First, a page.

"While these results are preliminary, I am encouraged that the first study participant has been able to both control a computer cursor and perform useful tasks with the system", stated Jon Mukand, M.D., Ph.D., the investigator for the study based at Sargent Rehabilitation Center. "If this study is successful, the BrainGate System could potentially give paralyzed individuals an unprecedented level of independence with everyday activities such as typing, manoeuvring wheelchairs, and operating other computerized systems such as environmental controls, robotics, and the Internet."
The first participant in the study, Mr. Matthew Nagle, a patient of New England Sinai Hospital and Rehabilitation Center in Stoughton, Massachusetts, stated: "I am feeling well and am using the BrainGate about twice a week. In the past few weeks, I have been able to control my TV using a computer cursor that I can move with my thoughts. I hope that someday I will be able to do even more with the BrainGate, like move my arms with a muscle stimulation device. The Brain Gate has changed my life."
The device used in the study is called the BrainGate Neural Interface System. The investigational BrainGate System provided by Cyberkinetics Neurotechnology Systems Inc., the sponsor of the study, is an outgrowth of research conducted in the lab of Dr. John Donoghue, Ph.D., Chairman of Neuroscience at Brown University, as well as other researchers. The system consists of an internal neural signal sensor and external processors that convert neural signals into an output signal under the person's own control. An approximately three-hour surgery was conducted to implant the sensor portion of the BrainGate on the surface of the brain where thoughts of hand and arm movement originate. After three weeks of post-surgical recovery, the patient began using the BrainGate System where he lives, at New England Sinai Medical Center.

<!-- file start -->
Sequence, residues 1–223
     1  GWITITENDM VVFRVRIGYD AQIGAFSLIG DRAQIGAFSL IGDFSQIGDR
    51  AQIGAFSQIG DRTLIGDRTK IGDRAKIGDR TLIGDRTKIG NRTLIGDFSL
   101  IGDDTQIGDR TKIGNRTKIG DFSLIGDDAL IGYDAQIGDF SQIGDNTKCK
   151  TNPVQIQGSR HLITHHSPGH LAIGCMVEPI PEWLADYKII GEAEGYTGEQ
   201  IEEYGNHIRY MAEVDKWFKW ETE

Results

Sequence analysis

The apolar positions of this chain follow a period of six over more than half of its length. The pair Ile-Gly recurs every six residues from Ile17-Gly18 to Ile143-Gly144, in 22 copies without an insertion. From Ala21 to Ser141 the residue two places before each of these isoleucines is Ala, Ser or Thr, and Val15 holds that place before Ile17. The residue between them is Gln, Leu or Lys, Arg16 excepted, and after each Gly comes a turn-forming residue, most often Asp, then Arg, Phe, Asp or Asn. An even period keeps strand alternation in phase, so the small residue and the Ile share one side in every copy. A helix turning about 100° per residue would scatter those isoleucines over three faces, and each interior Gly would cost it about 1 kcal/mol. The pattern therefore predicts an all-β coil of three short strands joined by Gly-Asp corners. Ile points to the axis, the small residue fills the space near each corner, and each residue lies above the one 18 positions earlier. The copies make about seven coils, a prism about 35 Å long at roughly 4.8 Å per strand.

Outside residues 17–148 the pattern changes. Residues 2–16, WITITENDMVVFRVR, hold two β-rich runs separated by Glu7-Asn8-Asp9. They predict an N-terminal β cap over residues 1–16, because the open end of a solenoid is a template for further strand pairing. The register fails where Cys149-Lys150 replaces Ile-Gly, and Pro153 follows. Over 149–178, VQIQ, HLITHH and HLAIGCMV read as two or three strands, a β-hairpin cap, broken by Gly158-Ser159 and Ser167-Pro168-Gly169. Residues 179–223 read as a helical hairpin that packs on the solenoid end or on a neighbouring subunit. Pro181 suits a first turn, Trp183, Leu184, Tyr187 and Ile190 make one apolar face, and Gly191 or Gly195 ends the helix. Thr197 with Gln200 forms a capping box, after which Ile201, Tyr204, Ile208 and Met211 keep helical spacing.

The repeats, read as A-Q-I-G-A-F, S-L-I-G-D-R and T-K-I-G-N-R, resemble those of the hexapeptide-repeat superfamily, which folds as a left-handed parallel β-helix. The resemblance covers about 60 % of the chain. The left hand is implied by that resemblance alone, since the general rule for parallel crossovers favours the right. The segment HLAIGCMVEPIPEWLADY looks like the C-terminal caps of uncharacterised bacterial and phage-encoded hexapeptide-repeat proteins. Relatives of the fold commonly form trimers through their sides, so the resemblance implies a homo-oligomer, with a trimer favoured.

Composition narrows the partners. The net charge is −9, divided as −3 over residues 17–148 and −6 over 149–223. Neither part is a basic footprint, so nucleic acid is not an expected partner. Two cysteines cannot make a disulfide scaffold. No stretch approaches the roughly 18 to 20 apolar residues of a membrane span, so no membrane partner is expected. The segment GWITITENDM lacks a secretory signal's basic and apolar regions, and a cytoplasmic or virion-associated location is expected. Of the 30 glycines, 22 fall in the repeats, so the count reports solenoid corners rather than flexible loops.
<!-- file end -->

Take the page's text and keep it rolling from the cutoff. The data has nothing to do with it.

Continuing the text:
The ongoing pilot feasibility study will enroll up to five quadriplegic individuals, unable to use the arms and legs, between the ages of 18 and 60 who meet the study's selection criteria, which include that the patient be able to verbally communicate. Each participant will undergo surgery in which the sensor portion of the BrainGate neural interface will be implanted on the surface of the primary motor cortex, the portion of the brain responsible for movement.
The two primary goals of the pilot clinical study are to characterize the safety profile of the device and to evaluate the quality, type, and usefulness of neural output control that patients can achieve using thoughts. The study is expected to last for about 13 months for each patient, who will perform tasks with the device including attempting to control the movement of a cursor on a screen with thoughts like imagining movement of the hand or arm to move the cursor toward a specific target. At the end of the study, each patient will undergo another surgery to have the device removed or may have the option to participate in future studies.
Sargent Rehabilitation Center in Warwick, Rhode Island is the first clinical site to be initiated by Cyberkinetics. The Principal Investigator, Dr. Jon Mukand is also on the faculty of Brown University, Boston University and Tufts University. The surgery to implant the sensor was conducted at Rhode Island Hospital in Providence by Gerhard M. Friehs, M.D., Ph.D., director of functional neurosurgery and associate professor of clinical neurosciences at Brown Medical School.
Sargent Rehabilitation Center specializes in outpatient medical rehabilitation and education services for children and adults with disabilities with the goal of moving clients toward maximum community access to education, daily living and employment. Sargent offers a Paediatric Institute, Diagnostic Center, Adult Neuro-Rehabilitation Center and Consultant Group. The Center's vision is "achieving the extraordinary in rehabilitating human potential".